Where Next for Conte's Fallen Heroes?

Where Next for Conte’s Fallen Heroes?

The Italian public is not known for taking defeat easily, but the mood as their beaten national team returned home earlier this week was decidedly positive. Having been billed as the weakest team the country has fielded in fifty years, Antonio Conte’s men defied all expectations with 2-0 victories over talented Belgian and Spanish squads, as well as the total silencing of Zlatan Ibrahimovic in their 1-0 defeat of Sweden. Despite the palpable lack of nerve shown in the penalty shoot-out loss, earning a draw over 120 minutes against world champions Germany in the quarter-final was, on reflection, another great achievement.

But as Conte departs for Chelsea, the Azzurri face a worrying period of reconstruction. Without their master tactician at the helm, just how a team so devoid of world class ability can compete for international honours is unclear. What’s more, the colossal (B)BBC defensive unit – Buffon, Bonucci, Barzagli, Chiellini – that anchored Italy throughout the championships has an average age of 34, and will surely soon need phasing out. A handful of strong performances at one tournament should not mask the pressing need to rebuild.

The identity of Conte’s replacement is certainly no source for optimism. Gianpiero Ventura, the 68-year-old Genoan who has been poached from Torino by the FIGC, is a managerial appointment that carries the distinct air of a lack of available alternatives. In three decades of coaching he has produced only the Serie D and C championships by way of titles, with a mid-table Serie A finish at Bari representing his biggest achievement. While Conte’s success was built on solid defensive foundations, there is a great deal of dynamism in the way he exploits the flanks in his 3-5-2 system, and he has been able to get the best out of modest attacking talents like Graziano Pelle and Eder. Ventura, conversely, is an old-school disciple of the traditional Italian defensive Catenaccio style; his Italy is unlikely to be pretty.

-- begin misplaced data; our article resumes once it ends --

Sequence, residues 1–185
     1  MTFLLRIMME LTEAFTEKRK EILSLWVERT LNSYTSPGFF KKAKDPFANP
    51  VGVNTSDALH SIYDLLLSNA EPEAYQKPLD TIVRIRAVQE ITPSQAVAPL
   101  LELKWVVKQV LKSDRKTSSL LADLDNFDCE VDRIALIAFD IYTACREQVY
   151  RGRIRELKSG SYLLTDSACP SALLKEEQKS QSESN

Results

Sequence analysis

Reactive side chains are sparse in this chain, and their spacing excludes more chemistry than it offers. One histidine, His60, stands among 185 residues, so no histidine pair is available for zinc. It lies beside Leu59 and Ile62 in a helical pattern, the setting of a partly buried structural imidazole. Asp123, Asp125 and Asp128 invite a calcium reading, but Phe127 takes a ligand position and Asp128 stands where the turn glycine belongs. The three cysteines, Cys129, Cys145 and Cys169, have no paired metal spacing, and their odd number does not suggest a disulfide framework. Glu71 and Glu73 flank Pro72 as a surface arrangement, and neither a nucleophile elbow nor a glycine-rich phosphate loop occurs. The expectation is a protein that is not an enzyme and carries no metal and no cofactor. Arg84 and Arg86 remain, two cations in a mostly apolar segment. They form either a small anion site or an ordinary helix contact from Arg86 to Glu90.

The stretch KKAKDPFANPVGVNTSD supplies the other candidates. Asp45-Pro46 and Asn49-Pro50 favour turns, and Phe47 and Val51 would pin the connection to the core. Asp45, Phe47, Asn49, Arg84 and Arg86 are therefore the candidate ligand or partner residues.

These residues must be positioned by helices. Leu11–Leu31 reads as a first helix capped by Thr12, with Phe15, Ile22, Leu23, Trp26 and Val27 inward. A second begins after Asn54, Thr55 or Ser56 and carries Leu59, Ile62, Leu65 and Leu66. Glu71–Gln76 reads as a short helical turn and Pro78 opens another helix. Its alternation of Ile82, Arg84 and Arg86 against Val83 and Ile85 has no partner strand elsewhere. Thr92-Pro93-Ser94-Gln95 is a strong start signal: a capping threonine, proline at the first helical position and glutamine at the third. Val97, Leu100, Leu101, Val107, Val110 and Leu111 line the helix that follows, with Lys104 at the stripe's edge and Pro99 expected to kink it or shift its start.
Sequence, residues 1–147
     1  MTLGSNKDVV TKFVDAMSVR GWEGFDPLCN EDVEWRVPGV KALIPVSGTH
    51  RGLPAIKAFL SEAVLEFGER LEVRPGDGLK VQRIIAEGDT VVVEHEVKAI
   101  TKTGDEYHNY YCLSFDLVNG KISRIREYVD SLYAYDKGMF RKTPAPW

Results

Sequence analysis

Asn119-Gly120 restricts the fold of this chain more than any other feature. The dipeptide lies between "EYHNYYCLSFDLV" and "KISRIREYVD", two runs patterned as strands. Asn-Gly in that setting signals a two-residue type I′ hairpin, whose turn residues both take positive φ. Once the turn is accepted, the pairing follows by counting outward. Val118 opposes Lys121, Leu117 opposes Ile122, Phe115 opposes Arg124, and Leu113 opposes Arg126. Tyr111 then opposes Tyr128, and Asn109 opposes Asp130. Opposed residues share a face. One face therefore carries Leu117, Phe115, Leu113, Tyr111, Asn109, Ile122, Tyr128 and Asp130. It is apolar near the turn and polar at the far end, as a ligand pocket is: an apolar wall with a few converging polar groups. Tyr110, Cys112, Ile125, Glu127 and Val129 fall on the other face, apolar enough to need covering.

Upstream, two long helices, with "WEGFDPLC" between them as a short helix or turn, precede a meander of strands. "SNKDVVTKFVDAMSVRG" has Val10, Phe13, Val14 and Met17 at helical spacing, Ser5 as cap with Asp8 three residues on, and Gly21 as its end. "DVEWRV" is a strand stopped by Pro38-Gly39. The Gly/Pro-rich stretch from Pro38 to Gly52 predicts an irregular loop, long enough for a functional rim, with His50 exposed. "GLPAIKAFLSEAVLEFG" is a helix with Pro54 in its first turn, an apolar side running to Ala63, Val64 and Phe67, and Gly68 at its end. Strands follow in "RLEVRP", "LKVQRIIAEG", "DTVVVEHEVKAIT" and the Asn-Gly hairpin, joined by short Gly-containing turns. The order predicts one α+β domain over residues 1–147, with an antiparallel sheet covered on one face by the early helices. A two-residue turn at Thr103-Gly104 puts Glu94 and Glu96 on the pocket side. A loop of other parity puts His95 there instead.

One of the new coach’s first tasks will be to identify which of the country’s younger starlets are ready to step up as part of the team’s necessary rejuvenation. By far the brightest of these is Paris Saint Germain midfielder Marco Verratti, who was cruelly ruled out of this summer tournament through injury and will be desperate to make an impact in two years’ time. From there, though, things become bleaker. Juventus’s Stefano Sturaro would make a dependable partner for Verratti, but offers little of the creativity the side is crying out for. 22-year-old Federico Bernardeschi has won plaudits for his exploits at Fiorentina this season, but looked out of his depth in the group stage loss to Ireland.

At only 21, Daniele Rugani looks the part to take on the mantle at the back, but will need time to develop anything like the understanding evident among the ‘BBC’. Alessio Romagnoli, touted as another promising addition to Italy’s rich defensive tradition, has endured a disappointing season in the firing line for Milan and serves as a warning against pushing the likes of Rugani into the limelight too early. Sassuolo forward Domenico Berardi is a fearsome talent up front and has deservedly won the attention of both Juve and Inter, but represents something of an uncut diamond at this stage. His omission from Conte’s 2016 squad drew little criticism, and the reborn Stefan El-Sharaaway may resemble a safer bet if he can stay consistent next season at Roma.

It was, of course, supposed to be this Italy team – not the next one – which came up short against Europe’s best, and the Azzurri’s enduring  resilience in the face of adversity shouldn’t be underestimated. However, the absence of an inspirational leader of Conte’s ilk will make this attempt to regroup an even harder one. Captain Gigi Buffon, who was brought to tears by his side’s defeat in Bordeaux, has pledged to stay on for the World Cup in Russia in two years’ time. Perhaps it will be he, and not the manager, who is forced to play the biggest part in guiding another new Italy.

 

Tom lives in Milan and is the Faculty’s Italian correspondent. He is a season ticket holder at the San Siro, where he follows Serie A closely.

You can follow him on Twitter here: @TomGDella